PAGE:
While Dynamics 365’s documentation is full of articles and tutorials about setting it up with Active Directory Federation Services, there is no mention of using Azure Active Directory for Single Sign On. Many replies in communities say that this is not possible, but today we are going to prove them wrong.
As you might have guessed from the intro, using Azure Active Directory for authentication is possible even with Dynamics 365 on-premise. Which we are going to explore in this article.
Please note, that this is more of a Proof of Concept article and due to the limitations we discovered along the way, this method is not recommended for production.
Why use Azure AD directly?
There may be many reasons: First off, it provides more security, advanced attack protection methods, auditing, logging and much, much more. Next, even tho that Dynamics 365 installation requires Active Directory, you don’t need to use AD as an identity provider (except for the Deployment Administration) nor store users there (yes, for real! Dynamics doesn’t have to source users from Active Directory like many of the forums incorrectly state). Removing user’s dependency on Active Directory can allow you to deploy cloud-only IdP with on-premise Dynamics 365. And one more important thing – thanks to Azure AD, you can have Internet Facing Deployment (IFD) of Dynamics 365 without having to expose (or even run) your ADFS to the internet while being protected by Azure AD.
Like I already mentioned, there are some solutions existing already, however none of them integrate Azure AD directly. I am going to shortly describe the alternative scenarios.
This was probably the best solution, however since ACS is discontinued, you cannot use it anymore.
Using independent ADFS with Azure AD as Claims Provider
This solution is something we have being doing internally as well. Basically an independent ADFS deployment which has Azure AD configured as a Claims Provider (so ADFS acts like a proxy). There are few downsides of this – for example, you will have hard time extending login expiration period, since it is being inherited from Azure AD token. This is what we use in production.
There are two paths for getting this deployed. First is migrating from existing Claims Based Authentication setup with ADFS and second (trickier) is getting a vanilla deployment of Dynamics 365 setup with Azure AD. We are going to start with the common setup – registering the Dynamics 365 instance into Azure Active Directory:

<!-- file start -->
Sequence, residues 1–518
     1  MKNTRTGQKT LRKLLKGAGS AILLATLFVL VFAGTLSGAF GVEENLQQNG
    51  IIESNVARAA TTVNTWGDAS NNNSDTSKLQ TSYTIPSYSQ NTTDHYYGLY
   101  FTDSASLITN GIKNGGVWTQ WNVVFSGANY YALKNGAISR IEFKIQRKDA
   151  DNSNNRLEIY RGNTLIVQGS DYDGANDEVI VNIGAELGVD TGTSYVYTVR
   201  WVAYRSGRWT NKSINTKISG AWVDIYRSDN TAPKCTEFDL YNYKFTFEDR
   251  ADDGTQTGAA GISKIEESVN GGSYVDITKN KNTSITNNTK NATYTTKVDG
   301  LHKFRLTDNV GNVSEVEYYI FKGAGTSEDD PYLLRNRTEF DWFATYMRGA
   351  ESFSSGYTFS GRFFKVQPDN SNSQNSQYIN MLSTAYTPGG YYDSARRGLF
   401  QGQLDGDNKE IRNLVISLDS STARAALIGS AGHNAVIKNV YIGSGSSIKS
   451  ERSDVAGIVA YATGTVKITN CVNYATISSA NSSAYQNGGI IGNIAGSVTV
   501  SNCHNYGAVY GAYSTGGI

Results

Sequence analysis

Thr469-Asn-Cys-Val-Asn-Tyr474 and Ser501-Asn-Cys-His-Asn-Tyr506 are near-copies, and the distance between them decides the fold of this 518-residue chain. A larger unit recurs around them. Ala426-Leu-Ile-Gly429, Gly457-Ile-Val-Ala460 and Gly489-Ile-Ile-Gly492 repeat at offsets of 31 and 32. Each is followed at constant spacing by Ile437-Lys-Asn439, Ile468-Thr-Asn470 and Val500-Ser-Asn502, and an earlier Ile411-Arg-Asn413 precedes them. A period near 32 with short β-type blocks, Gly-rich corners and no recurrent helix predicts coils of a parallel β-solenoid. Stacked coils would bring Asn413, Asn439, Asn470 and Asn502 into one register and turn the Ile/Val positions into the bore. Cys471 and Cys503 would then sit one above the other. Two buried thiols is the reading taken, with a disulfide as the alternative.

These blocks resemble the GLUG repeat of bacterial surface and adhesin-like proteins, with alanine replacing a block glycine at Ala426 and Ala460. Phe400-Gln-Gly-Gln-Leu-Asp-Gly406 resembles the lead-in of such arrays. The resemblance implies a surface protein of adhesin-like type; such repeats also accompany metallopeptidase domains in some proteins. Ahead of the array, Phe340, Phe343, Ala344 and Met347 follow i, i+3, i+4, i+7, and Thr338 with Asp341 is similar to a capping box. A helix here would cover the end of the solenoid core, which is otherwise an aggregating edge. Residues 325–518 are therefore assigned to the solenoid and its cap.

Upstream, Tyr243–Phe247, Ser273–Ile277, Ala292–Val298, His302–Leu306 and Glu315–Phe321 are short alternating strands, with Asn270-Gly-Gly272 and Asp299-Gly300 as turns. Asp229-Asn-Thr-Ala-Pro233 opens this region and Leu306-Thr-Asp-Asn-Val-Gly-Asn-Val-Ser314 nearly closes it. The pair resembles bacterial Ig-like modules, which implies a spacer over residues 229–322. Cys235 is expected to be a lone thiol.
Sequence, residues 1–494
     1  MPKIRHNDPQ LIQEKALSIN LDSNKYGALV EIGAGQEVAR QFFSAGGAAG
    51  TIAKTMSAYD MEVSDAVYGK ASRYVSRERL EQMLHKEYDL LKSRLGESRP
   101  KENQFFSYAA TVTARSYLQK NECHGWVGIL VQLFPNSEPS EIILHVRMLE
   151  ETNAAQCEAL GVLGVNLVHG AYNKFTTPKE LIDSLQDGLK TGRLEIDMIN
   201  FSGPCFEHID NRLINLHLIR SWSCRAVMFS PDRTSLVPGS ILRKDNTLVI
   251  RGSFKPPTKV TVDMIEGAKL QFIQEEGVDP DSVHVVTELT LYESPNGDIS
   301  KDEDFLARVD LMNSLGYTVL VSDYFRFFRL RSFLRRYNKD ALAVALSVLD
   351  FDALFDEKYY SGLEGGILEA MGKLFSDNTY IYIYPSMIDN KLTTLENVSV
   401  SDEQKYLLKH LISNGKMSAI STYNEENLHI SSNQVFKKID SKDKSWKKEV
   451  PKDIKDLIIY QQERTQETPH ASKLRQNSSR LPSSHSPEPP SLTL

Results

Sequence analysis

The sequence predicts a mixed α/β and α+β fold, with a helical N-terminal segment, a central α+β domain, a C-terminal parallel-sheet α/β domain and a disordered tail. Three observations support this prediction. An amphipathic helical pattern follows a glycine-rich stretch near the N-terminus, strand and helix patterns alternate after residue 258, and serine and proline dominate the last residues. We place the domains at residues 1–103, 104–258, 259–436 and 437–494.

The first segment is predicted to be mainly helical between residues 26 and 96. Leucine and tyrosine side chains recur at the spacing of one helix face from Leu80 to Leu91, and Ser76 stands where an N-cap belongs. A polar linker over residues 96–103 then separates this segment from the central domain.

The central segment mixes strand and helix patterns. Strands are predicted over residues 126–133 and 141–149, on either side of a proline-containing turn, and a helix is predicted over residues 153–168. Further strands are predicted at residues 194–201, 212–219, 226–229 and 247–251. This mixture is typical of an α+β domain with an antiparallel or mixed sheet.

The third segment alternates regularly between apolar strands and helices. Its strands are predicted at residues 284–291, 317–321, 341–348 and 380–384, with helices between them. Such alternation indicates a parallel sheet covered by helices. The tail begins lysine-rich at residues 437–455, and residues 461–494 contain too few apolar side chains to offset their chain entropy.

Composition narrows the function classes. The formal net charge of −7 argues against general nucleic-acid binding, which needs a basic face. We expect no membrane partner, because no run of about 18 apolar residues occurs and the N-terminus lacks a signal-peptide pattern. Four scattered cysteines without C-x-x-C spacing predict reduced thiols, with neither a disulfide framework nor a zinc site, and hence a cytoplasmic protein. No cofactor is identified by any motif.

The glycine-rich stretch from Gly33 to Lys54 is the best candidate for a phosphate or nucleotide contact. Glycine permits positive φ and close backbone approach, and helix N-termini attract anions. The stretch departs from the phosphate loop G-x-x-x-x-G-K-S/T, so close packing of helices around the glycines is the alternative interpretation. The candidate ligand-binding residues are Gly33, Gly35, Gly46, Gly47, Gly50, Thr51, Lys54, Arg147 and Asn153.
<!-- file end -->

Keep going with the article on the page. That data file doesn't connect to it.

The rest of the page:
- Navigate to Azure Portal and select Azure Active Directory or alternatively use Azure AD Portal directly.
- Select Enterprise Applications and from Add your own app create a Non-gallery application and create it with your preffered name (I will be using 1box-01.crmlabs.tntg.cz).
- Once you create the application navigate into the properties (there you can set a Logo for the users for example), and optionally turn off User assignment required option. This is going to allow everyone from your AAD to authenticate with Dynamics 365 (you can keep it on if you want to assign users to it manually or use group assignment).
- Next navigate to Single sign-on from the left menu. Select SAML-based Sign-on from the drop down.
- There, you have to set the application’s identifier and reply URL. Both should have the same value depending whether you are setting up the IFD or not:
- IFD: You should have https://auth.your-ifd-address.tld there (you will have to do few more steps in the IFD specific section).
- Non-IFD: You should have your instance address there, so for example: https://1box-01.crmlabs.tntg.cz
- Next, download the Metadata XML from the SAML Signing Certificate section. You will want to upload that to your web server so it can be accessible by the Dynamics instance. Note the URL down, because you are going to need it in the next step (for me it was https://share.hajekj.net/1box-01.crmlabs.tntg.cz/FederationMetadata.xml). And save the changes.
Now, we are going to proceed to the deployment specific configuration.
Setting up Claims Based Authentication without IFD
This is the starting point if you are creating a new Dynamics 365 deployment. The pre-requisities are:
- Dynamics 365 deployed with Windows Authentication login
- Enabled HTTPS for Dynamics 365 deployment
- SQL Server Management Studio (SSMS) or SQL Operations Studio if you feeling experimental
- Application created in Azure AD (which we did in previous step)
This part is a bit tricky, so bear with me on this one. What we need to achieve is to set AAD as a Claims Based Authentication provider while no local users exist in your AD. By default, Dynamics 365 stores user names in DOMAIN\alias format (for example AD\hajekj, my UPN is email@example.com), however I haven’t found a way to force login through AAD with the NT logon name, so we have to do following:
- Now, we are getting to the tricky part: Open an In-Private browser window, navigate to your Dynamics 365 instance and login using Windows Authentication. Then navigate to the User management under Settings > Security > Users.
- On the server, open the Dynamics 365 Deployment Manager. From the left menu, choose Configure Claims-Based Authentication.
- Stepping through the wizard, enter the address of the FederationMetadata.xml you uploaded before.
- Choose the encryption certificate (usually, the same certificate you are using for HTTPS).
- Once you apply the changes, switch to the In-Private browser window you opened before and choose to create a new user. You may get few Windows Authentication prompts, just skip them and continue filling out the details.